Aaron J. Shenhar, Professor of Technology Management, James J. Renier Visiting Chair, Center for the Development of Technological Leadership, University of Minnesota, MN and R. Max Wideman

This paper is the first of a series of six papers describing the search for a best practices linkage from project classification through management style to project success. It represent part of the research conducted between 1992 and 1998. This paper was presented to an INFORMS Conference in Washington, DC, in May, 1996, and briefly reviews the genesis of modern project management and its scope in today's business and technical environment.

Published here December, 2001.

Background  | Genesis | Scope | Typology | Classification | Linking | Conclusion


Change, at a seemingly ceaseless increase in pace, is recognized today as one of management's greatest challenges. Consequently, management focus is shifting from traditional routine 'enterprise' management, to one of capturing needed competitive change through establishing a project or a program of projects. Competitive change and projects are synonymous, but to be successful different projects require different management approaches. Therefore we need to establish an effective classification for both the scope of project management and for different types of project. Table 1 - A Hierarchy of Management Orientation shows the consequential implications of shifting focus from one to the other.





Continuity defined by
- sets of Objectives


Change defined by
- sets of programs


defined through
- strategies


defined through
- sets of Projects



achieved through
- Tactics


achieved through
- sets of Tasks


achieved through
- consistent Activities


achieved through
- variable Effort


result in
- continuous product


results in
- unique product




Table 1 - A Hierarchy of Management Orientation

Historically, projects have been associated with the construction of buildings and facilities and records tend to focus on the challenges of the construction work itself. However, even ancient history has something to tell us about the problems faced on the management side of project work.

For example, the earliest pyramid at Saqqara in Egypt was the first stone building of any size to be found in the world. It was commissioned by King Zoser of the third dynasty and while the king was clearly the 'sponsor' of the project, one of his ministers, Imhotep, was the 'project manager'.

We are told that "Although no trustworthy details of the lives of Zoser and Imhotep have come down, we can be sure that they were able men who worked long and effectively together. Probably, Imhotep was a universal genius like Archimedes and Leonardo da Vinci. Such was his repute as a physician, architect, writer, statesman, and all-round sage that in later times collections of wise sayings circulated under his name."[1]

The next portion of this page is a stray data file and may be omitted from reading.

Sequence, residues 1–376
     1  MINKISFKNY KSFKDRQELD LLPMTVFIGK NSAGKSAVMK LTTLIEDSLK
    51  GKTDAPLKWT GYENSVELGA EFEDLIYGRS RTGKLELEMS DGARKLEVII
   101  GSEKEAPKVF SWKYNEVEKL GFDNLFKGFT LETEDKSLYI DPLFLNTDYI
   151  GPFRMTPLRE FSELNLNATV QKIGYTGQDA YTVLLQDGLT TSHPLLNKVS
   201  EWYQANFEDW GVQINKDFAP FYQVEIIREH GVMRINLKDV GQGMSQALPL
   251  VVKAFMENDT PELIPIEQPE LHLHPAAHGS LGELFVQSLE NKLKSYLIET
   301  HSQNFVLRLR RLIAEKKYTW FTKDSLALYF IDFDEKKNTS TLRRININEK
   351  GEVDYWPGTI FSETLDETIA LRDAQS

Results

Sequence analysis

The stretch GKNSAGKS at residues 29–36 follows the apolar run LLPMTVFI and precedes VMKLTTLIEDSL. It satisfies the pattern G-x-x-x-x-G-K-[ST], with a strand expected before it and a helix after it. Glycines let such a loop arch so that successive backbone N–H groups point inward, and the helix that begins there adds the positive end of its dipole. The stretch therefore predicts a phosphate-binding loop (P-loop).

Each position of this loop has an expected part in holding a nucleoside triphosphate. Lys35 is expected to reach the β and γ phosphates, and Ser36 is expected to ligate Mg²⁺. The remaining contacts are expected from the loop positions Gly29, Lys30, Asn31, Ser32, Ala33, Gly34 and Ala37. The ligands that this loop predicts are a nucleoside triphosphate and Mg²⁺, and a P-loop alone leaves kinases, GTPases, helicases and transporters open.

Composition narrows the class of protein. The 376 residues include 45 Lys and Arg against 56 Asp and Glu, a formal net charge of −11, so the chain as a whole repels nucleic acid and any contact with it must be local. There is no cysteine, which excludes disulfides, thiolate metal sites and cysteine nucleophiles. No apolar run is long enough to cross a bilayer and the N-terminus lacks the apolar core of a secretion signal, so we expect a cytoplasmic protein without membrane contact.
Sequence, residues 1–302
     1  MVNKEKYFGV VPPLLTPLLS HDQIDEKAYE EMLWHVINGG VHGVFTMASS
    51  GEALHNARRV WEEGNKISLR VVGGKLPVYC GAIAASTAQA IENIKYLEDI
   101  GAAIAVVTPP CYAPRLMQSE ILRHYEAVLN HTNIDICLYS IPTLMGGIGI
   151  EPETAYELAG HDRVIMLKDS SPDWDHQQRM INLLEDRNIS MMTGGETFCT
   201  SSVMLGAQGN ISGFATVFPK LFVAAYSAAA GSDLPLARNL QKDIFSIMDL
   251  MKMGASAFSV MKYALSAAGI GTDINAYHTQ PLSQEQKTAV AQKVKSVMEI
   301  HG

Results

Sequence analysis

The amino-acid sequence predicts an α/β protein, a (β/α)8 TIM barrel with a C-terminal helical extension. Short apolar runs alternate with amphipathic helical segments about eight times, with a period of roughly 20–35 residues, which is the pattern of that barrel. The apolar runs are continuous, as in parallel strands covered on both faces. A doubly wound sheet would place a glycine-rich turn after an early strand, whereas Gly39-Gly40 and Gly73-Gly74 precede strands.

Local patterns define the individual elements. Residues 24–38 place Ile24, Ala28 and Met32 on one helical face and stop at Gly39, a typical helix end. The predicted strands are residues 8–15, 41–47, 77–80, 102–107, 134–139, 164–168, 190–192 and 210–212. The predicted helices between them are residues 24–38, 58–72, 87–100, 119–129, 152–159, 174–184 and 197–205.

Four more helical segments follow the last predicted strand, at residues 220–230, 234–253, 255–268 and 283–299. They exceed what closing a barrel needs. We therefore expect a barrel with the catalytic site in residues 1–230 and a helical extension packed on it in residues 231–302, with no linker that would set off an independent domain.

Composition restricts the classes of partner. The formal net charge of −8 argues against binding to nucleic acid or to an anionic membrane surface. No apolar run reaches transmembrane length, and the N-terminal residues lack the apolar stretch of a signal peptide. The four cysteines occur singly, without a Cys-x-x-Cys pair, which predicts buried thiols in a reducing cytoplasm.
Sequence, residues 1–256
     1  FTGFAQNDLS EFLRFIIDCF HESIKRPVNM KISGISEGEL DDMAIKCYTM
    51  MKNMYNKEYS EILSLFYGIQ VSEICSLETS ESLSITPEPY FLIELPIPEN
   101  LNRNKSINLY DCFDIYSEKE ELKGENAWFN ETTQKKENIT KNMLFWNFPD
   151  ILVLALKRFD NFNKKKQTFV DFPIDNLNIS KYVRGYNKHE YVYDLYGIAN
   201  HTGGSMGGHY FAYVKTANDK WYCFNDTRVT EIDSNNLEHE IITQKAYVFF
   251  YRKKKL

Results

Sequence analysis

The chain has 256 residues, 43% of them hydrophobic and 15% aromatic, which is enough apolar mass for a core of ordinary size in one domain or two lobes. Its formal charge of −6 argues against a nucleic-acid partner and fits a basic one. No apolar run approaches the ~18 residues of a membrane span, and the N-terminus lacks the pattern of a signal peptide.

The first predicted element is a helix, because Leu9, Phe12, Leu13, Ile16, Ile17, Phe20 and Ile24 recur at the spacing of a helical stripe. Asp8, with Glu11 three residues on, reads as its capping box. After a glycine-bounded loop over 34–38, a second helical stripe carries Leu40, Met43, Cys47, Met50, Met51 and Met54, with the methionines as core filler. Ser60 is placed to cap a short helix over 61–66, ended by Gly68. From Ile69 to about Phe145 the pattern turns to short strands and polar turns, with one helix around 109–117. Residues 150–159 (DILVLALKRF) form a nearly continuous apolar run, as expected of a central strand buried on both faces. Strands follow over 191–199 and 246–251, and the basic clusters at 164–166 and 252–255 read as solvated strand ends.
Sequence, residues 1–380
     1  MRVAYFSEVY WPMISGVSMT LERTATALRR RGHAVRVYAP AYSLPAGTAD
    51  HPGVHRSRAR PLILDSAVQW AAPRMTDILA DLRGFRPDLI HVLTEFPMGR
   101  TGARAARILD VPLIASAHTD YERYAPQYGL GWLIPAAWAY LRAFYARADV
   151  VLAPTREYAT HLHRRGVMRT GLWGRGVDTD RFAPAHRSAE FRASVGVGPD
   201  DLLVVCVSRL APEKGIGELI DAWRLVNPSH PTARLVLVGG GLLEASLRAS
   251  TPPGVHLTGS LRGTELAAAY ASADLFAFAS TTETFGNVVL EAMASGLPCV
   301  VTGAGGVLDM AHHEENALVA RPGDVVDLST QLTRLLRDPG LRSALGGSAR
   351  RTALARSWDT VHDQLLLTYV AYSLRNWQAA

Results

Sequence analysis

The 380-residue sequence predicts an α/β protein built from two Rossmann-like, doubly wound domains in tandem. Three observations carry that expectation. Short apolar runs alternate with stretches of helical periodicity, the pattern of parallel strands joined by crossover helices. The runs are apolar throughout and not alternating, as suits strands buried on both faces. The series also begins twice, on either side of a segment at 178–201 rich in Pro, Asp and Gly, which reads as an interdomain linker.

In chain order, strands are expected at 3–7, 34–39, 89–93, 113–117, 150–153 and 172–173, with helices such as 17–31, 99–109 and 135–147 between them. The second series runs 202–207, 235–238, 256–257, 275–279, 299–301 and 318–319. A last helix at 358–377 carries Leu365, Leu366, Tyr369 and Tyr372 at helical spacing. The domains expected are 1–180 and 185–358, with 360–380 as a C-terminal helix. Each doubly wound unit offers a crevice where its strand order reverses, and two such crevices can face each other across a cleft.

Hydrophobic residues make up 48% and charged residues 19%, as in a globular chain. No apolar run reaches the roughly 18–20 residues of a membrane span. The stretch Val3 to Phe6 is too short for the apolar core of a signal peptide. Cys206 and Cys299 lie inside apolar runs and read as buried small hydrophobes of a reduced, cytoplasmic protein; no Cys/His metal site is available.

Thus was born the reputation of the project manager, but this particular project was not without its management problems. The account goes on

"[previously] ... Egyptian kings and nobles were buried in a tomb called a mastaba ... [but] ... Zoser and Imhotep ... built a stone mastaba of unusual size and shape. It was square instead of oblong like its predecessors, and was over 200 feet on side and 26 feet high.

"Not yet satisfied, Zoser and Imhotep enlarged this mastaba twice by adding stone to the sides. Before the second of these enlargements was completed, the king changed his mind again. He decided not only to enlarge the structure still further, but also to make it into a stepped pyramid, resembling four square mastabas of decreasing size piled one atop the other. Then Zoser changed his mind once more. The tomb ended as a stepped pyramid of six stages, 200 feet high on a base 358 by 411 feet ... ."

This brief but age-old example demonstrates some of the classic difficulties experienced by project management in the modern world such as: controlling the scope of the project, the impact on cost and schedule, handling a difficult client, and the frustrations of the project manager. While the account suggests that Zoser and Imhotep worked well as a team, it is unlikely that Imhotep for his part was faced with the current-day need to 'gain and retain team commitment' of those working for him. No doubt he had available a powerful enticement. Those who failed to perform could be summarily executed!

Today, this form of incentive has been mostly discredited, though not entirely. Its modern-day equivalent, summary dismissal, is to be found in the corporate world, but has the attendant difficulties of extended litigation if not conducted with due care. While the remaining workers may work more intensively, morale implications suggest that they work less effectively.

The traditional techniques of project management, estimating, budgeting, scheduling and monitoring the work are relatively easy to master. The difficult areas, to which most problems can be traced, is to be found in the planning and controlling of the work, and organizing and motivating the people who do it. Moreover, the availability of 'universal geniuses' like Imhotep are few and far between, so that understanding the project management process and enabling project management learning becomes of primary importance. Major issues include: On what basis will the project be managed? How will it be controlled? And, how shall we know if it has been successful?


1. Sprague de Camp, L., The Ancient Engineers, Ballantine Books, New York, February 1974, p21.
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